Remarks by Secretary of Defense Lloyd J. Austin III at the Pentagon Ceremony on National Prisoner of War/MIA Appreciation Day (as delivered)


Thank you, General Hokanson. Hello everyone. Thank you for joining us for this important occasion.

I am especially honored to welcome Colonel Mike Brazelton, an accomplished Air Force pilot who spent more than six years in captivity in Vietnam. Colonel Brazelton, your monumental courage and sacrifice inspire us all. And I enjoyed spending time with you this morning. There is a rumor that Colonel Brazelton actually did a parachute jump yesterday or earlier this week. I confirm that this rumor is true, so he is still very active. I would also like to pay tribute to your daughter, Adriana, who carries on your legacy of military service.

We are also joined today by ambassadors from partner countries whose support has been invaluable in the search and recovery of our missing. So thank you all for being here. We are extremely grateful for your support. And welcome to the Pentagon.

To the family members of those still missing: you have shown unimaginable strength in the midst of terrible uncertainty. Know that your loved ones are always in our hearts. And we are honored by your courage through the long years of waiting.

Each year on National Prisoner of War/MIA Appreciation Day, we come together to honor American service members who have been captured, to support the families of the fallen and missing, and to renew our commitment to bringing home our fallen heroes.

Just a few days ago, we saw how important this solemn mission was, as an American family was blessed to honor the heroic service of a loved one.

In 1943, an Army Air Corps Lieutenant Colonel named Addison Baker was leading his pilots in a low-level attack on enemy-controlled oil fields in Romania. As he approached his target, the enemy hit him with an anti-aircraft shell.

His plane was burning and damaged, and he could have chosen to land. But Colonel Baker was determined to complete the mission. So he kept going until he hit his target. But afterwards, his damaged plane tragically crashed in the city below.

The following year, Colonel Baker was posthumously awarded the Medal of Honor for bravery. And we’re proud to have his name on the wall right here in the Hall of Heroes.

From now on, the Department has never given up on recovering his remains. And nearly eight decades after his daring mission, scientists at Offutt Air Force Base have used innovative forensic techniques to identify him.

And so this week, his family got to say goodbye and bury Colonel Baker in Arlington. And we have part of Colonel Baker’s family here with us. We welcome you to the Pentagon. And I really appreciated having the opportunity to meet with you earlier today. Thank you for your sacrifices, your patience, your determination, your fine example of perseverance.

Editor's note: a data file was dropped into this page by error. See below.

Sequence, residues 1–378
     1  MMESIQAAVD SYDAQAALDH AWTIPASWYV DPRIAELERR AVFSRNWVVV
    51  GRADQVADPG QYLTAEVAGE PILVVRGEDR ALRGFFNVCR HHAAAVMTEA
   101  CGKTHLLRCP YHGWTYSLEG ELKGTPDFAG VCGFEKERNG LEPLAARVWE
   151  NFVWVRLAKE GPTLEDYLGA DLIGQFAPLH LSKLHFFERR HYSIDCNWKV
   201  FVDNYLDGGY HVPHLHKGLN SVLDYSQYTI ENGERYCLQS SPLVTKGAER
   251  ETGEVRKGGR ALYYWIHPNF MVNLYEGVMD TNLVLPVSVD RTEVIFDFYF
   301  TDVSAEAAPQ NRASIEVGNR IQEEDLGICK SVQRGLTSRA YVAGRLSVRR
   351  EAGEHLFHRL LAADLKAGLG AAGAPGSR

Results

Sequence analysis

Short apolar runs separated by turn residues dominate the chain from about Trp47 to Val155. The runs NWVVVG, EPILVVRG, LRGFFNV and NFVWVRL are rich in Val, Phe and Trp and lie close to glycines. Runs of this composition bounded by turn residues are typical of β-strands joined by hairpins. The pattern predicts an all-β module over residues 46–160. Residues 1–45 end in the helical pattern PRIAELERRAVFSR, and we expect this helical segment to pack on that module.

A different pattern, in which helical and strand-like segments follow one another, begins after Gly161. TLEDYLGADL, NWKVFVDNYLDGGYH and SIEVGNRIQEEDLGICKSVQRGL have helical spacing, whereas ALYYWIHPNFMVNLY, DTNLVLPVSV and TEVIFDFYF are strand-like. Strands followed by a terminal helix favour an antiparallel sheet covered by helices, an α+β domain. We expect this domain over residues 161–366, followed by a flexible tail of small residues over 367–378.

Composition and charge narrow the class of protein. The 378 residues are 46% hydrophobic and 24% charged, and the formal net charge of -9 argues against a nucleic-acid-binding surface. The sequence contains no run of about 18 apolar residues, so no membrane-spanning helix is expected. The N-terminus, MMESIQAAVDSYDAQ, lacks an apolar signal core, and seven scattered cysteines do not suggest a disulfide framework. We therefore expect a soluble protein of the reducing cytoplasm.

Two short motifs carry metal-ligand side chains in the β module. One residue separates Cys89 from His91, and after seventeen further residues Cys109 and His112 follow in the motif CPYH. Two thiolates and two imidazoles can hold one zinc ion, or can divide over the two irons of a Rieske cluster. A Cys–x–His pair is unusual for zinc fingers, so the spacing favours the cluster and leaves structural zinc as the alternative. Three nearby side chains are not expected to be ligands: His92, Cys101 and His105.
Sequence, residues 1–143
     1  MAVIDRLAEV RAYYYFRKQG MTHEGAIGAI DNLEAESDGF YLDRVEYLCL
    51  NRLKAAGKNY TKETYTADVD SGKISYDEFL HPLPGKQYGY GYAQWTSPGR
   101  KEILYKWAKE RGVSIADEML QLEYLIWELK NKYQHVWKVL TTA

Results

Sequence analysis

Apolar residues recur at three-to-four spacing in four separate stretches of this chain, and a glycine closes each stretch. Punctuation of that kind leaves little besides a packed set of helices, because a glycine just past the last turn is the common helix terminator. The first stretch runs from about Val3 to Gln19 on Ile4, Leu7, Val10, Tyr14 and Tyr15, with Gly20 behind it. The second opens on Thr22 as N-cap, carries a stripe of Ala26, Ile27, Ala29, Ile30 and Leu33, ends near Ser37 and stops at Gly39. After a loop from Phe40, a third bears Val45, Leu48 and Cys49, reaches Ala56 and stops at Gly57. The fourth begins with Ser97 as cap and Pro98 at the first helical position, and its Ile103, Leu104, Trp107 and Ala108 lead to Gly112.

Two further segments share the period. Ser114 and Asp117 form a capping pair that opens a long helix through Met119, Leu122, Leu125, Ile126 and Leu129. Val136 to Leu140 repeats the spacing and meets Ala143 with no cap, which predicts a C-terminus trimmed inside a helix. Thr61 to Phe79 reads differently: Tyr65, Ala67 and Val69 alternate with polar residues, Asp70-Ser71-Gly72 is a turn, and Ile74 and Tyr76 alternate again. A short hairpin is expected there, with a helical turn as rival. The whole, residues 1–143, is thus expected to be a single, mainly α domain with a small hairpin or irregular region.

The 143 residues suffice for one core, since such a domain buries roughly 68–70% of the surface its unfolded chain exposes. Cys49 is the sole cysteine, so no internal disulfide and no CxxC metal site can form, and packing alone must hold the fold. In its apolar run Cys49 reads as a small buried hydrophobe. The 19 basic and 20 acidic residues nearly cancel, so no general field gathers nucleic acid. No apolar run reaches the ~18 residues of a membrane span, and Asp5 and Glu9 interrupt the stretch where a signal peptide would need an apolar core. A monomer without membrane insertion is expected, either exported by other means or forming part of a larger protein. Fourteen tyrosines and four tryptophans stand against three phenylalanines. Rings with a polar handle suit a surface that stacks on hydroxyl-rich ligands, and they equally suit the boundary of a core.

We all know how much this moment means to you and your family, and we couldn’t be more proud to be here with you today. So thank you for sharing this day with us.

Today, over the years, thousands of families have had the chance to honor imprisoned or missing loved ones. And it is thanks to the dedicated work of the officials of this ministry and the service organizations that work alongside them.

But we know we still have work to do, much more work to do. And as you heard General Hokanson say earlier, more than 81,000 American servicemen and civilians are still missing. And Defense POW/MIA Accounting Agency experts say nearly half of that could be recovered.

It is a monumental task, but it is also a sacred obligation. Because everyone who serves in the US military makes a solemn commitment to this country, and so does their family. And this country makes them a solemn promise in return: to report as completely as possible on any person who goes missing in the line of duty. And it is our solemn obligation to do good to those who sacrifice themselves to defend our security and our democracy.

And so I’m incredibly grateful to everyone who works so hard to honor that commitment. Our Defense POW/MIA Accounting Agency experts work in 46 countries. They painstakingly search for the remains, then use state-of-the-art forensic tests and techniques to identify the missing.

Our partners around the world provide us with vital support, including former enemies turned friends. And family and veterans service organizations, many of whom are here today, shine a spotlight on this important cause and help us fulfill our commitment to those who have served. These efforts combine innovation and skill with compassion and unwavering determination, all to ensure that America keeps this sacred promise.

Over the past year, the Department has identified more than 150 missing persons, including Colonel Baker.

And behind each successful identification hides a family story. They are stories of pain and uncertainty, but also of hope, endurance and relief when long-sought answers are finally found.

The black and white flag we fly in honor of our POWs and MIAs carries a simple yet powerful message to the families of those still missing, to all who serve, and to our nation.

And that message is one we will never forget. We will never lose hope. And we will never stop working to find answers and bring our fallen home.

And to all those taken captive and returned home: you have endured untold hardships with resilience and patriotism. We are extremely grateful.

And to all the families of the captured and missing: Your strength and your faith inspire us every day.

Thank you to all who sacrifice so much to keep this country safe and to ensure that we uphold our most sacred commitment to the men and women who serve.

God bless you, and God bless the United States of America.

Thanks a lot.



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